Going into a superhero movie, particularly one from Marvel, you expect things to go boom, a signature if not assembly-line-looking color pallet and some energetic humor. They’re perfect summer fare. But over the last few years, they’ve made a conscience and welcomed effort to evolve into something a little smarter.
If phase one was about establishing the individual characters culminating in the first Avengers movie, phase two is where they tackled specific themes to ground each film. In Iron Man 3, Tony Stark dealt with PTSD following the events of The Avengers. In Captain America: The Winter Soldier, they chose to focus on national security and surveillance and how it relates to our freedom.
It continued with Avengers: Age of Ultron where an overreliance on technology could lead to our downfall. Government oversight was a major theme behind Captain America: Civil War and it provided an interesting conversation about superheroes perhaps inciting the very evil they aim to defeat. It was also an acknowledgement of the collateral damage they can sometimes cause.
In the case of Marvel’s latest entry in the Marvel Cinematic Universe (MCU), Black Panther, director Ryan Coogler has made perhaps the most political and subversive Marvel movie to date.
In describing the central theme of Black Panther, Coogler chose to focus on responsibility and identity:
“What do the powerful owe those in need? It separates the good-guys from the villains. What value is strength unless you’re using it to help someone?”
It’s that old adage from Spider-Man; with great power comes great responsibility. But Black Panther, also known as T’Challa (Chadwick Boseman), the newly appointed king of Wakanda following the death of his father in Captain America: Civil War, has a responsibility to his people first and foremost.
On the surface (Quite literally), Wakanda is a Third World country struggling to survive. But in reality, it is a technologically advanced African nation that thrives thanks to a rare metal known as vibranium that powers the entire country.
But wouldn’t such a powerful thing be helpful for other struggling countries? T’Challa believes it would. But at what cost? He’s reluctant to share anything from Wakanda with the rest of the world because he knows such a move could threaten their peaceful existence. Wakanda doesn’t sound like a “shit-hole country,” does it?
What makes Black Panther stand out from other Marvel movies is how relevant it feels. There’s obvious parallels between Wakanda and America including border security, immigration and the corruption of power, but to have a predominantly black cast at the center of it is even more ironic considering the political climate we’re in.
And the cast is spectacular. Every single character has depth and purpose thanks to Coogler and writer Joe Robert Cole. Lupita Nyong’o is T’Challa’s former lover who now risks her life as a spy for Wakanda. Danai Gurira puts down the samurai sword from The Walking Dead and plays Okoye as a proud general in T’Challa’s army who still has the courage to question him in times of crises.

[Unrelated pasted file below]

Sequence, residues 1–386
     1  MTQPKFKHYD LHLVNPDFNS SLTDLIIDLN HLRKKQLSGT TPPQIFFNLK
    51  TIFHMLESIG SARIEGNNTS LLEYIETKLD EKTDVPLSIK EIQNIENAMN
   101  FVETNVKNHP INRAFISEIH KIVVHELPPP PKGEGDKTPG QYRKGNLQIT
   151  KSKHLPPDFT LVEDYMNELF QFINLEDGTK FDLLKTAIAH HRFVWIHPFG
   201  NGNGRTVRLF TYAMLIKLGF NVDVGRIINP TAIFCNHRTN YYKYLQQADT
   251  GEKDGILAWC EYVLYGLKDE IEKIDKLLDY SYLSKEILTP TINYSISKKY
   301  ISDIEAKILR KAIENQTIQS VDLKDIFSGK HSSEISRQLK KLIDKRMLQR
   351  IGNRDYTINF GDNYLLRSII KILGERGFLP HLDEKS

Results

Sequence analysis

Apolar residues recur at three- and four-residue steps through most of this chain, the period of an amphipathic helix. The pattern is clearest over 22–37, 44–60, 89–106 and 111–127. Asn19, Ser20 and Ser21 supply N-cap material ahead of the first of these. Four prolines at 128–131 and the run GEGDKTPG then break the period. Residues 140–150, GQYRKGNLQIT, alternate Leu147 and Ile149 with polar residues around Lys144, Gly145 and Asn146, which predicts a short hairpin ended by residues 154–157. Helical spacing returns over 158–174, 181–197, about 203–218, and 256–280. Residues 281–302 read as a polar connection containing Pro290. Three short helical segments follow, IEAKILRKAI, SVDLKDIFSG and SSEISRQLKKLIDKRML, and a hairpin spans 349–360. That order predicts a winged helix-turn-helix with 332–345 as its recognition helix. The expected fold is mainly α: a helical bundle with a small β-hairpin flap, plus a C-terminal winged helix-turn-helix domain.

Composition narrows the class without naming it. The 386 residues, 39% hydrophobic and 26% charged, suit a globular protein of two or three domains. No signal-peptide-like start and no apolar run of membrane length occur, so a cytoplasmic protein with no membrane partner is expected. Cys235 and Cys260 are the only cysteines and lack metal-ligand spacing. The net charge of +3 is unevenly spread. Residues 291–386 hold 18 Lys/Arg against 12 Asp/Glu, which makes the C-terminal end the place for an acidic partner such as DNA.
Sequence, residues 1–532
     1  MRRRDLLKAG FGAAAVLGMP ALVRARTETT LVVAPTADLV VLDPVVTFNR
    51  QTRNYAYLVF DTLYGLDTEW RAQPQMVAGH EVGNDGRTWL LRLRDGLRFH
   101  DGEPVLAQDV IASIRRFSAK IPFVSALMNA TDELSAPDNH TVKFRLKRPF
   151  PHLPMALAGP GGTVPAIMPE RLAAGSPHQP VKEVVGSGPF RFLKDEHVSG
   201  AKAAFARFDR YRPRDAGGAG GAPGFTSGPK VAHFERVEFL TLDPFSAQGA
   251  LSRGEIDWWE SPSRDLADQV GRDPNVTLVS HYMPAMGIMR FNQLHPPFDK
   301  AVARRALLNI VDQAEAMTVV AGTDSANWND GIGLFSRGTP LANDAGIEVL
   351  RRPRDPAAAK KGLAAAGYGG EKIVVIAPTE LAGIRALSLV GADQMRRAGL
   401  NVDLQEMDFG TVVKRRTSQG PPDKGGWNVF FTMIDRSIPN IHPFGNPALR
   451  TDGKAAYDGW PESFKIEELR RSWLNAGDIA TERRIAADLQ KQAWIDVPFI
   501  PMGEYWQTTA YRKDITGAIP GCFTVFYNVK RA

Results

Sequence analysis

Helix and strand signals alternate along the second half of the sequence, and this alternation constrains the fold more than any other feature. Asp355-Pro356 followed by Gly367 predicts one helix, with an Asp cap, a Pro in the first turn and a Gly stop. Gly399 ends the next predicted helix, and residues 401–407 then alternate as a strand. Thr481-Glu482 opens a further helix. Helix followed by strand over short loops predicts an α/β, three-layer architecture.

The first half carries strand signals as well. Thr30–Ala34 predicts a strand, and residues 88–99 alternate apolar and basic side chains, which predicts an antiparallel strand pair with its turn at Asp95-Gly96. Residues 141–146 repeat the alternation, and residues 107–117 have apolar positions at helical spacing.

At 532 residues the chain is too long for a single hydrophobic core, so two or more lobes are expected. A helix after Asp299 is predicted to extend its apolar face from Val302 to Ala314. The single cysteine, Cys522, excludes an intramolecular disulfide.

Danial Kaluuya, fresh off of his Oscar-nominated turn in Get Out, plays W’Kabi, leader of another tribe within Wakanda who feels T’Challa must embrace his new leadership by evolving and sharing their resources with the outside world.
But the standout is Letitia Wright as Shuri, little sister to T’Challa. Not only is she the smartest person in Wakanda and the creator of all of their technology, she’s also Q to Black Panther. She provides him with all of his gadgets while also throwing in the occasional sibling jab to keep him humble.
The heroes aren’t the only three-dimensional characters. Michael B. Jordan plays Erik Killmonger, a troubled soldier out for revenge against Wakanda for reasons I won’t get in to. He could have been just another bad guy reveling in seeing destruction. But Coogler and Cole give him sensible motivation for his actions. By the end, he delivers a poignant monologue that kind of justifies everything he does in the film. He’s by far the best villain in the MCU since Loki. I do wish there was more of him though.
We’ve established that Black Panther is a smart Marvel movie. But is it entertaining? Most definitely. I mentioned Q from James Bond earlier and that’s a great description of this film. Marvel has made a James Bond film. Black Panther looks spectacular thanks to Coogler bringing in his own team of people including cinematographer Rachel Morrison, production designer Hannah Beachler and composer Ludwig Goransson. The costumes are vibrant and colorful, the music is energetic and distinct and the whole world feels new and fresh.
Despite not having much experience in the action department, Coogler directs the set pieces with confidence. From hand-to-hand fights atop a waterfall to car chases in South Korea and aerial battles above Wakanda, Coogler gives each action sequence its own unique stamp on the film.
I was worried that Boseman would lack a certain level of charisma. But the script doesn’t take itself too seriously, allowing for Boseman and the supporting cast room for some levity.
Black Panther is an immensely satisfying movie that perfectly balances real-world issues with Marvel’s signature appeal. It’s a popcorn movie that asks interesting questions about identity, legacy and responsibility.